A few days into the FIFA 2010 World Cup is as good a time as any to take a look back at what we saw, observe any emerging trends and evaluate some of the performances.
Much ink has been split criticizing the official World Cup ball, with players, especially goalkeepers, claiming that it floats in strange and unpredictable ways. It looks like they are right. Just ask England goalkeeper Robert Green, who fumbled away a routine save and conceded an incredibly weak goal to American striker Clint Dempsey. The very next day, Algerian goalkeeper Faouzi Chaouchi struggled with another low, bouncing shot, and gifted a late goal to Slovenia. From my vantage point, the problem is not one to be suffered by just the men in goal. It looks like the ball has a tendency to gather spin and drift if a player doesn't strike it just right. So far, I've seen an excess of high, floating free kicks, and seemingly well-struck shots curve harmlessly away from goal and towards the corner flags. It could just be indicative of bad shooting, but to me it looks like the ball has at least something to do with it.
Crowds, or Lack There of:
If you've been watching the World Cup, you may have noticed something unusual - rows and rows of empty seats. The sparse crowds contrast sharply from FIFA's party line, which is that 97 percent of tickets have already been sold. Games were regularly sold out in the last two iterations of the World Cup (2006, in Germany and 2002, in South Korea and Japan) and it remains a mystery as to why the crowds don't seem to be there in South Africa. Fingers have been pointed at the organizers, public transportation disruptions, and third-party ticket holders, but whatever the problem may be, it reflects poorly on FIFA and the host nation, South Africa.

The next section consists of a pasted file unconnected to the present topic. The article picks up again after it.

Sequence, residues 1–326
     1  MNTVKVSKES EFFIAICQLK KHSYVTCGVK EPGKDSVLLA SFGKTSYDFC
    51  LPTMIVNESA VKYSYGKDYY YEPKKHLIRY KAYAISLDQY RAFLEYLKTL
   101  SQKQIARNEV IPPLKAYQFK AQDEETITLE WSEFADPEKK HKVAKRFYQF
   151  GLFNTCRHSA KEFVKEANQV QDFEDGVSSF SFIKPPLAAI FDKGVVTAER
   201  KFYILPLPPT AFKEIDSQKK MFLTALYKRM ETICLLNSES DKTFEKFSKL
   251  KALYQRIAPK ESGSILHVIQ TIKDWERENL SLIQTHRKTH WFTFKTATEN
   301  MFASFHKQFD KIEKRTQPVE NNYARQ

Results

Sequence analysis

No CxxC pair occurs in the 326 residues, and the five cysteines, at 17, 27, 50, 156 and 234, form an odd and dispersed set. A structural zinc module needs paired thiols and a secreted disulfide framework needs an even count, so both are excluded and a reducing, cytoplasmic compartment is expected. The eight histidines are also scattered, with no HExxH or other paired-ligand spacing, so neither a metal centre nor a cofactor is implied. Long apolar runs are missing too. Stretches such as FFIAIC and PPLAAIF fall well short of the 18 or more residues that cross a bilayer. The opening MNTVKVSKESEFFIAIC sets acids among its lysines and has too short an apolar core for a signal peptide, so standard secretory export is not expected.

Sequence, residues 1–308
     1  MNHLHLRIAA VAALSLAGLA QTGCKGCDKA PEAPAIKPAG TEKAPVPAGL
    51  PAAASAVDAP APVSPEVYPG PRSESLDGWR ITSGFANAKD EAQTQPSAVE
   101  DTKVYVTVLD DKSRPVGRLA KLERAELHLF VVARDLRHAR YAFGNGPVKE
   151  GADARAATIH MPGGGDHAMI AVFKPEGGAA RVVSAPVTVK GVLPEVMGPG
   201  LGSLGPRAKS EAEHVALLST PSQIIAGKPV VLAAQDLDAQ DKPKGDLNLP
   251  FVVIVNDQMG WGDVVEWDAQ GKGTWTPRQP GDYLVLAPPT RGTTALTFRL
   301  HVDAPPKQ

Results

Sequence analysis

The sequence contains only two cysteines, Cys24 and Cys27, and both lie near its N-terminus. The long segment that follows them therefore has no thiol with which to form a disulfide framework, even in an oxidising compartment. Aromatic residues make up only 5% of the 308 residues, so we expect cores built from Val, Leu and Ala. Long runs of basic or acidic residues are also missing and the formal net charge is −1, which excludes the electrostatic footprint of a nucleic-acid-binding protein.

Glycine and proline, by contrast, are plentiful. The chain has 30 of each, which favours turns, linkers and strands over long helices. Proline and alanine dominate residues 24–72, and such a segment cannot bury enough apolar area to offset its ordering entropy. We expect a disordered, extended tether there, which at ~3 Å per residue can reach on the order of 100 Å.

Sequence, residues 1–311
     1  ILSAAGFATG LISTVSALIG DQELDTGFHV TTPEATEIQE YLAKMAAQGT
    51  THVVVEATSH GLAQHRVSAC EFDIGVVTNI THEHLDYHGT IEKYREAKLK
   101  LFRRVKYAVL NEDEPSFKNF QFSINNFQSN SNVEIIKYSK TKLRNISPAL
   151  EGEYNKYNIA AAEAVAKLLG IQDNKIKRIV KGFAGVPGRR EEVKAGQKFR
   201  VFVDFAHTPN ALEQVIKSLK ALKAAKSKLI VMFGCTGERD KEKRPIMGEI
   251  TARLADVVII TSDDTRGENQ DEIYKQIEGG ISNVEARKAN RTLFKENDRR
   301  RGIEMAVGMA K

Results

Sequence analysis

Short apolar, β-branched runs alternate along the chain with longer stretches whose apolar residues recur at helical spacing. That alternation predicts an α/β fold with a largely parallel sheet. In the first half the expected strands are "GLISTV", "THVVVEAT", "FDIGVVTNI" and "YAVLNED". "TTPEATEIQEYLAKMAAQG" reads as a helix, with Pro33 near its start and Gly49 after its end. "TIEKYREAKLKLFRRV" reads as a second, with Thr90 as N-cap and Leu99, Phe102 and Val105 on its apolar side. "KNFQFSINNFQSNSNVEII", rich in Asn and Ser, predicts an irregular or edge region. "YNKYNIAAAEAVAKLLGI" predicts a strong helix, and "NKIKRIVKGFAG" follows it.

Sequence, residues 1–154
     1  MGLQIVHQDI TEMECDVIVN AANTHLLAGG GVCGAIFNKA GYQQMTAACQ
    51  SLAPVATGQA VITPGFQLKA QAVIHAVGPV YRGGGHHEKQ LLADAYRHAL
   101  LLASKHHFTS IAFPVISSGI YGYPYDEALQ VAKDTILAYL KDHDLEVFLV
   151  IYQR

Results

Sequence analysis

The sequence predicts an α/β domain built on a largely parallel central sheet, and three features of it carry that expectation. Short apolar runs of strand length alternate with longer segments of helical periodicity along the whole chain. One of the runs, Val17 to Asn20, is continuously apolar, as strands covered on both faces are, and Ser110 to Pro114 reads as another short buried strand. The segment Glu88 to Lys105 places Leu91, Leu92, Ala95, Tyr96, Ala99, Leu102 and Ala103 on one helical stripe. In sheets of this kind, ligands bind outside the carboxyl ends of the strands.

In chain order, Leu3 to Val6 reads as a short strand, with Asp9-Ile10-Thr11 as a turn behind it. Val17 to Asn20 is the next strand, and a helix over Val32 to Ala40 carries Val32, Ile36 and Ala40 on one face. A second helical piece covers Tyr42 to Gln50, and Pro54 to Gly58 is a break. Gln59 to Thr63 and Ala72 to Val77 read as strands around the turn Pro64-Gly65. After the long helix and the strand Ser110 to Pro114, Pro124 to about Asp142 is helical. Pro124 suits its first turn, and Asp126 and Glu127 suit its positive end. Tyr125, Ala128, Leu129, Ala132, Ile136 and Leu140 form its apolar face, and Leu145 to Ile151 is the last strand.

While the results have mostly gone as expected, there have been a few major and minor surprises. European giants England, France and Italy struggled to disappointing draws, while Argentina, Germany and the Netherlands cruised to victories. One of the bigger surprises of the first few days was Japan's 1-0 victory over Cameroon, widely considered to be the strongest of the six African teams at the tournament. Nobody gave Japan much of chance in the game, but they scored late in the first half and effectively shut down Cameroon the rest of the way.
What's Next for the USA?
The Yanks are going into their June 18th against group leaders Slovenia with the wind at their back. After their emotional draw against England, they will expect to get the full three points in Johannesburg. Doing so will put the US on track to achieve their pre-tournament goal of advancing out of their group. The big question is whether Tim Howard will be healthy enough to play after his bruising collision with England's Emile Heskey. Beyond that, it seems that coach Bob Bradley will field the same 10 outfield players. If he does make a change it could be at forward, where Robbie Findley failed to make much of an impression against England.